But as for how quickly it’s burning cash, Bloomberg has come up with a startling figure: $8,000 a minute. That’s almost a bitcoin’s worth (the current value is $8,285) every 60 seconds, or $480,000 an hour.
If Tesla (TSLA, +2.93%) doesn’t bring in fresh funding, Bloomberg noted, its reserves will run dry in early August next year. That’s even slightly ahead of UBS’s recent predictionthat the depletion would take four quarters.
Tesla’s most recent gambit is to demand full upfront payments for the first 1,000 units of its upcoming Roadster sports car—a $250,000 car that may only be delivered in 2020.
If it succeeds, that would be a handy $250 million to add to the pot, but probably not enough. The Model 3 is going through what Tesla CEO Elon Musk has called “production hell” due to bottlenecks in battery module assembly, apparently thanks to a systems integration subcontractor “dropping the ball.”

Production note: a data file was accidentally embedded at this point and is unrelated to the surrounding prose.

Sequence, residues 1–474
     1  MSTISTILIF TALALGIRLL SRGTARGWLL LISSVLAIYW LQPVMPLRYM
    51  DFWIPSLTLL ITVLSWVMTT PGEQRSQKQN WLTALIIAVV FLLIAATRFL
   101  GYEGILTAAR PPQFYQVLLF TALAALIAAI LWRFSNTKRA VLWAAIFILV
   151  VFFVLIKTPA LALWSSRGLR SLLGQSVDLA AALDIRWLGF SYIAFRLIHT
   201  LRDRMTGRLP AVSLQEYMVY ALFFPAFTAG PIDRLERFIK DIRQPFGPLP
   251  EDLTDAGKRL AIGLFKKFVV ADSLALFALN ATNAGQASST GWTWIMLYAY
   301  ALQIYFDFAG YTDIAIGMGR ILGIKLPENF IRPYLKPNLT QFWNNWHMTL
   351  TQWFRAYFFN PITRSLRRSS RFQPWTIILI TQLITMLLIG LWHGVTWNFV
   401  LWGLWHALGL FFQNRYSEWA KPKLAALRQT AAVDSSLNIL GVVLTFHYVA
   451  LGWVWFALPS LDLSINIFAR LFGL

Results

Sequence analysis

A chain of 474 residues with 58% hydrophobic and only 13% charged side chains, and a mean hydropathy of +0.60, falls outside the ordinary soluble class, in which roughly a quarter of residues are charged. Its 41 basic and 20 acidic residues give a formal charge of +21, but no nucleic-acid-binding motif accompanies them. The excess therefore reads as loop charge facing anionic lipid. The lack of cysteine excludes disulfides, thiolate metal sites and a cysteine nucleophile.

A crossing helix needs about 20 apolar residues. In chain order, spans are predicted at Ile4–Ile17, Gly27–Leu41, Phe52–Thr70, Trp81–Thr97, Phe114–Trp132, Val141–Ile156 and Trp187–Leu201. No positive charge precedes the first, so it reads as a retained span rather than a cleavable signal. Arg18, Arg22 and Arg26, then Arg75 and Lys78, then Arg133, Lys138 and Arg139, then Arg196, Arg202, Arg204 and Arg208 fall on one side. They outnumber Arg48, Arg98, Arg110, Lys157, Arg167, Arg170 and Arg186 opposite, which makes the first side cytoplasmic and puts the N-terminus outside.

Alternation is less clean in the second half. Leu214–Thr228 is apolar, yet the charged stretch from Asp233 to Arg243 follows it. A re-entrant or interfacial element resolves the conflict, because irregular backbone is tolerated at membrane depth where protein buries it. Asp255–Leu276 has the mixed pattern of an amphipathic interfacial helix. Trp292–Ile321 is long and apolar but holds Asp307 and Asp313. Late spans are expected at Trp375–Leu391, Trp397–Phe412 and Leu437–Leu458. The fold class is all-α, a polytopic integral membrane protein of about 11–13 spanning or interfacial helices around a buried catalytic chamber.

The $35,000 Model 3 is the closest thing Tesla has got to its dream of electric cars for the masses, so it really needs to sell a lot of them if it is to recoup its $1 billion-per-quarter investment and finance other projects, such as the Roadster and the Tesla Semi truck.